Fuel (gasoline,) was supplied by a diaphragm/piston pump that was energized by pressure pulses from the first-to-start jet engine. Paul A. Mutchler's patent (No. 4,767,314,) covers a similar system, dated 8-30-88
but Aeromarine's device predates his by 37 years! Even so, the Patent Office rejected my claim that Mutchler's patent is invalid because of this prior application, citing the lack of Aeromarine's seeking of a patent; therefore, there were no available references that could be examined.

Apparently, then, an "inventor" can copy any device and apply for a patent if such protection has has never before been sought, EVEN IF IT HAS BEEN USED AND IS WELL-KNOWN! Hogwash!

Jerry

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Re: re: somebody's really big jet

Post by larry cottrill » Fri Mar 17, 2006 6:30 pm

dynajetjerry wrote:Apparently, then, an "inventor" can copy any device and apply for a patent if such protection has has never before been sought, EVEN IF IT HAS BEEN USED AND IS WELL-KNOWN! Hogwash!
This is even more common, of course, for devices that are NOT well-known. Very often it happens like this: You work on the development of something, but decide not to seek patent protection because either: (a) It turns out not to work (or doesn't work very well) for the use you had in mind; OR (b) You decide it's simply unmarketable (too expensive to produce for the intended market, too low in demand to be practical, etc., etc.). Then, years later, somebody comes up with EXACTLY the same thing for an entirely different use! AND, it can be produced economically due to advances in materials, manufacturing techniques or whatever! You simply don't have a leg to stand on because you didn't do anything to officially disclose your invention.

On the other hand, in the case you mentioned, IF Aeromarine had filed and their patent application was REJECTED for some reason (even some very obscure or technical reason, I think), you would have had a legitimate claim when the newer application was approved later on, even though no patent was ever granted to you! This is one of the reasons there is now a low-cost "disclosure" provision in the patent law - it provides an officially recognized alternative to the (legally shakey) registered-mail-to-yourself "patents" that have been used almost forever.

My late favorite uncle once went for a patent on a tool for removing and pressing in the diodes used in automotive alternators. This was because he observed that guys in small shops were tapping the diodes in and out with punches and chisels, screwdrivers, etc. I drew the initial drawings for him. The only thing my drawing showed that the patent attorney didn't like was the hand press part of it - that was "just an arbor press", so it was taken out for the final drawing, and the patent application was for the dies alone. I personally believed there was nothing very special about the dies; certainly nothing that wasn't fairly obvious to someone familiar with the problem, but to my amazement, the patent was granted! Now, tell me: How do you suppose those diodes get mounted in the alternator at the factory, without a replaceable part exactly like one of those dies?

Almost any product idea, no matter how simple it might seem, MIGHT be worth protecting - it largely depends on what has already been patented or at least disclosed. I have "invented" two things I know of that became patented products successfully marketed by others years after I thought of them: One was a mirror that shows you how you actually look to other people, instead of showing you a "mirror image" (this was very cleverly marketed as the RORRIM(TM) ) and the other was a variable-focus lens using a liquid center (imagine two very thin lenses around a hollow space sealed at the edge with a calibrated piston to force clear mineral oil in or out of the center space, to warp the thin shells outward or inward as needed).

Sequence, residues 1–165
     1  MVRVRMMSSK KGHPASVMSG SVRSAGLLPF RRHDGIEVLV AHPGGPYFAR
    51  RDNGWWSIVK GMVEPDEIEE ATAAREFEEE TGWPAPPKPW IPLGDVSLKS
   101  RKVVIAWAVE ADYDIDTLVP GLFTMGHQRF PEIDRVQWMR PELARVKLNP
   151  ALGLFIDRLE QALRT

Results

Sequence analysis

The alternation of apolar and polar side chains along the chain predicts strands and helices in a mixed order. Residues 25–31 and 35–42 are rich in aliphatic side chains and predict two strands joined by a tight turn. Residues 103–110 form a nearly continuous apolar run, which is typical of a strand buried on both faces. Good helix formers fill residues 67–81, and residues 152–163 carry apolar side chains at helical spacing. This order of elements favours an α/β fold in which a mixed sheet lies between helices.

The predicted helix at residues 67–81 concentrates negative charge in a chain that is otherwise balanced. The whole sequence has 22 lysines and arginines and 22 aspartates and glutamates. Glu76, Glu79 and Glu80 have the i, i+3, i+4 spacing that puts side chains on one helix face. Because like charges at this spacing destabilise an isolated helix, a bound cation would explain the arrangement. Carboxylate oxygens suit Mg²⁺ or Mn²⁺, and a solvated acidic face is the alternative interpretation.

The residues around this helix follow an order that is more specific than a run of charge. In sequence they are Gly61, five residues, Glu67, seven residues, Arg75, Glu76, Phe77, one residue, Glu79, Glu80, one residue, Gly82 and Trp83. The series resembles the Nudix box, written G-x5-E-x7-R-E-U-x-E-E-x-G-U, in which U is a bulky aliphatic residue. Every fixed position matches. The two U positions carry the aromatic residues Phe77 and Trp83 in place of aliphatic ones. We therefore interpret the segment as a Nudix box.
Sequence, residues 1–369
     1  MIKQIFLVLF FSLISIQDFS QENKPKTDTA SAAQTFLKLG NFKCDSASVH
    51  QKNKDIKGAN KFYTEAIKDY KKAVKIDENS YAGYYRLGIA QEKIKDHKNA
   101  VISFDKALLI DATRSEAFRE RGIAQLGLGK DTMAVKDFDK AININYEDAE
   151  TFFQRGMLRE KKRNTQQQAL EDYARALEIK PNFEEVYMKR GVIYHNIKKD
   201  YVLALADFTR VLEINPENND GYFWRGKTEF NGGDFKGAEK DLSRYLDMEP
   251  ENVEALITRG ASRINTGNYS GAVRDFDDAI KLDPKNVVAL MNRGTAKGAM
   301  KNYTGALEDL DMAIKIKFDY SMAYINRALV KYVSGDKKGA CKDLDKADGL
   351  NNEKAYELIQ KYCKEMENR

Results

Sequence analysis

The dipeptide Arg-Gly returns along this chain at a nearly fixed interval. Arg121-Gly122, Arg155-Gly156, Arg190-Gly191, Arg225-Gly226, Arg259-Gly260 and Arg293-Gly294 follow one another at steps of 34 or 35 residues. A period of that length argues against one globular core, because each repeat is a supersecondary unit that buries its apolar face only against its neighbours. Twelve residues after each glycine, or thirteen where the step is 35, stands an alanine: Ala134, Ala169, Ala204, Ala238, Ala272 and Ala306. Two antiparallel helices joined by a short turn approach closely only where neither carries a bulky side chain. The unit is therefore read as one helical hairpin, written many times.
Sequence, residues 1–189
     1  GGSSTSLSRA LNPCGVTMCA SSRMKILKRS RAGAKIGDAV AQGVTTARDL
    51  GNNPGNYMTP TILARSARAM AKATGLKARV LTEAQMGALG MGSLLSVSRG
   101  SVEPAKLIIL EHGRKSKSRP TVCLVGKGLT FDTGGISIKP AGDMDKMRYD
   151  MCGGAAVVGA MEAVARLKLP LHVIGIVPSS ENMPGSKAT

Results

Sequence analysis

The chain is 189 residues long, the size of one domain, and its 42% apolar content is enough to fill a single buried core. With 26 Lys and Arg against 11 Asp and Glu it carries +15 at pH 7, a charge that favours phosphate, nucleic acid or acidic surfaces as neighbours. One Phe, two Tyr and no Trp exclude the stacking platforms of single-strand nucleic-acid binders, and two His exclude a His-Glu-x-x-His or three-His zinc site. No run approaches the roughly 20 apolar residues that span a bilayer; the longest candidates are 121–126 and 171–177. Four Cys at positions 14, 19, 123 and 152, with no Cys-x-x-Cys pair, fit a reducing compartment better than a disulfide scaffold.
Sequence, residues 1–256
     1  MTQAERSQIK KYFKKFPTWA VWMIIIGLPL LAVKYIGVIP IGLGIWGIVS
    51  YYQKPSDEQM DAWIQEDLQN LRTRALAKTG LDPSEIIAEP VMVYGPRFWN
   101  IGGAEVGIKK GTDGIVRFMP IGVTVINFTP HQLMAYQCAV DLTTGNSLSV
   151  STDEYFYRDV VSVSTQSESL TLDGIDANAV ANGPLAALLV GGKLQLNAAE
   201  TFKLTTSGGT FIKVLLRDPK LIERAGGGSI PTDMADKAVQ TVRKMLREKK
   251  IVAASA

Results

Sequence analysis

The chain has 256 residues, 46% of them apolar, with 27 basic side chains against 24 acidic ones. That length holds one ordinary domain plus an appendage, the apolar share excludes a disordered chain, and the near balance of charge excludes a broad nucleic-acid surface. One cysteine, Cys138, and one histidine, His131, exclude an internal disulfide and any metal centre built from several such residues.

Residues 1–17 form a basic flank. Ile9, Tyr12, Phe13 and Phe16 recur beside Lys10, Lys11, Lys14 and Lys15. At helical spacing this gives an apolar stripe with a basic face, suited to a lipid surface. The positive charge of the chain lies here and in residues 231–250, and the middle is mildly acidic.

L Cottrill

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re: somebody's really big jet

Post by marksteamnz » Fri Mar 17, 2006 9:19 pm

With Patents I only have experience with New Zealand and Australia and the biggest problem is haaving a good patent lawyer. The lazy s.o.b. who the company I worked for used was a disaster. We invented a process checked and found the material was made in the USA (unpatented) and could only be made by the process we had developed. The Patent lawyer said no not patentable in just New Zealand.
Some one else then patented the damm idea in New Zealand. We went back to the Lawyer, said get it stoped here's the samples here's their process description.
Ahh but was that process description avaliable in New Zealand? Because if it wasn't avalaible the patent stands. @%^#%^!! $20,000 and hideous amounts of time latter we finally got enough documentation to prove it was known in the industry and the magazine was avalaible in New Zealand many years ago.
This could be the problem with Aeromarine's pump, yes they made it but was it's operation known/published?
Cheers
Mark Stacey
www.cncprototyping.co.nz

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re: somebody's really big jet

Post by dynajetjerry » Sat Mar 18, 2006 3:00 pm

Mark and Larry and anyone else who is interested,

Yes, the fuel pump on Aeromarine's PJ-101 was definitely known and publicized! We produced 60 machines for the US Navy in 1951 and they were used by that service, at least in field trials. Along with the smoke generators we sent complete blueprints and lists of all replaceable parts, both fabricated and purchased.

In my opinion, this specific pump design was an obvious adjunct to any machine that employed a pulsejet and required a non-pressurized fuel system; however, the specifics for getting it to work required much trial and error. (The Navy had already rejected gravity feed for supplying fuel to the float bowl.)

My interpretation of the provisions in Patent Laws leads me to think that this modification of an automotive fuel pump check valve system is not fully patentable. I refer to this clause: (this invention is) "not obvious to one well-versed in the art." If that were applied in all cases, I suspect many patents that have been awarded would not have been allowed.

Jerry